Last week, I attended the Second Annual Diabetes Symposium at the Thomas Jefferson University. Surrounded by endocrinologists, nutritionists and diabetes educators, I sat through the lively presentations on new advances and innovations in diabetes. The news was not entirely encouraging — while the artificial pancreas seems on the horizon for type 1’s, the docs seemed somewhat stymied by the obesity problems of their patients, and most of the event centered around medications and what percentage of help old and new ones lent to rising A1C profiles.
But when Dr. Edwin Gale began to talk, my ears perked up; he addressed a topic near to my heart, diabetes and cancer. As a type 2 who has been injecting Byetta and then Bydureon for the larger part of four years, I had become alert to reports associating these drugs with pancreatitis and possible pancreatic cancer. And though Gale noted that diabetes did not seem to be in itself a cancer risk — unlike obesity — he talked about possibilities that these medications did carry certain risks of “subclinical injuries to the pancreas.” That this subclinical inflammation continued after even stopping the drug was further fuel for worry.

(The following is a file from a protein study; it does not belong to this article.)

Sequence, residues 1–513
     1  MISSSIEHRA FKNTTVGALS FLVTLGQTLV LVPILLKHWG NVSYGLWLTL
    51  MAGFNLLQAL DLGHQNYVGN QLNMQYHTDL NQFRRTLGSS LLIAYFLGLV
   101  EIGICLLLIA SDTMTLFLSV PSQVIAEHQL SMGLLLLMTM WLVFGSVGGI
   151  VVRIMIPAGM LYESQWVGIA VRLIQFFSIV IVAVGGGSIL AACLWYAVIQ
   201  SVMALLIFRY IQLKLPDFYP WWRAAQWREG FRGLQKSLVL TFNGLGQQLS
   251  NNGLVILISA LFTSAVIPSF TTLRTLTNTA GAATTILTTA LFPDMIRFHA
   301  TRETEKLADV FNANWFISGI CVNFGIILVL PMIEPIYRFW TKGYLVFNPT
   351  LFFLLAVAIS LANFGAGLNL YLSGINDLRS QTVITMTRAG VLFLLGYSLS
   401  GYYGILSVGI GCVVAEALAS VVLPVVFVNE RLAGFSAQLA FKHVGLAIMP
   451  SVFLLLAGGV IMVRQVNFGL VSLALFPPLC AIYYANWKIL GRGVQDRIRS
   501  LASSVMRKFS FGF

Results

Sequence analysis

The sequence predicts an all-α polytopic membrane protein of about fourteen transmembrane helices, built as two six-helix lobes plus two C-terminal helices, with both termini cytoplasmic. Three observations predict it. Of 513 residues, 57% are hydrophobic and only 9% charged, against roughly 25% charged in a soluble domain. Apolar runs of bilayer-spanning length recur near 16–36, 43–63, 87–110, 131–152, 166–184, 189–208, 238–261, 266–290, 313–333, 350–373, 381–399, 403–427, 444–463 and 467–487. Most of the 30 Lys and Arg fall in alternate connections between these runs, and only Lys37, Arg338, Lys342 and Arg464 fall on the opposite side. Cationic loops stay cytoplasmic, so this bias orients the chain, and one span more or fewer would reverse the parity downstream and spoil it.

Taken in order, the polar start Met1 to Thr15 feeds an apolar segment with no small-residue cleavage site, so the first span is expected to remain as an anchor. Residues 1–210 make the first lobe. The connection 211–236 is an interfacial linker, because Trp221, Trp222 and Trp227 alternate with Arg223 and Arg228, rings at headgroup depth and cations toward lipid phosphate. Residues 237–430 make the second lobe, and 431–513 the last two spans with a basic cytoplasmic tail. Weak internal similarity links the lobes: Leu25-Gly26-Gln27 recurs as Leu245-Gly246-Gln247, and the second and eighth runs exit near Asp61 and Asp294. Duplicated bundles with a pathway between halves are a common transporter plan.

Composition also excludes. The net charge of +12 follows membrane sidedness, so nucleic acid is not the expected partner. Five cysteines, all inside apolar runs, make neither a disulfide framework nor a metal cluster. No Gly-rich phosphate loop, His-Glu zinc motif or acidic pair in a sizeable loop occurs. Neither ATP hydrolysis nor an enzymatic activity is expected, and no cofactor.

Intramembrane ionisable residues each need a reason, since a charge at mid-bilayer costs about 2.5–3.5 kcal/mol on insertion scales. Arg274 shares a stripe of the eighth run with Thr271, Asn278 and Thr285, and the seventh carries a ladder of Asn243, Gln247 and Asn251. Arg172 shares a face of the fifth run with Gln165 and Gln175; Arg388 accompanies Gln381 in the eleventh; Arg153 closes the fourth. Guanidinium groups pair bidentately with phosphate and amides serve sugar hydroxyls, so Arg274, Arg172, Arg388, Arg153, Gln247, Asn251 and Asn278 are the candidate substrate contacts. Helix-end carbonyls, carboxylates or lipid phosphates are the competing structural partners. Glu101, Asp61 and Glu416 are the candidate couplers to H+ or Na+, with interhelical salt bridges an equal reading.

Sitting in the audience, already aware of the Hopkins studies, I began to get a little flutter in my stomach. When the presentation ended, I dashed up front to ask Dr. Gale a simple question: If he had a daughter, and she were on these drugs like Byetta and Bydureon, what might he tell her to do?
He didn’t hesitate. “Get off them at once.”
Needless to say, I was worried. So when I returned home, I called my endo. He called right back and we talked it over. He reminded me that these were new drugs, that there haven’t been long term studies and that there is a great deal of disagreement on these issues. But he didn’t really see any harm in my continuing on them. And yet. So we talked some more. And though I have been doing very well on Bydureon, I decided that I was going to take a break.
It wasn’t easy making the decision. I don’t think I’ve ever challenged my doctor’s knowledge before. But for now I’m back on my old routine of Metformin and Amryl, few carbs if any, and lots of exercise. If, by January, my A1C takes a climb, I’ll have to reconsider. Stay tuned.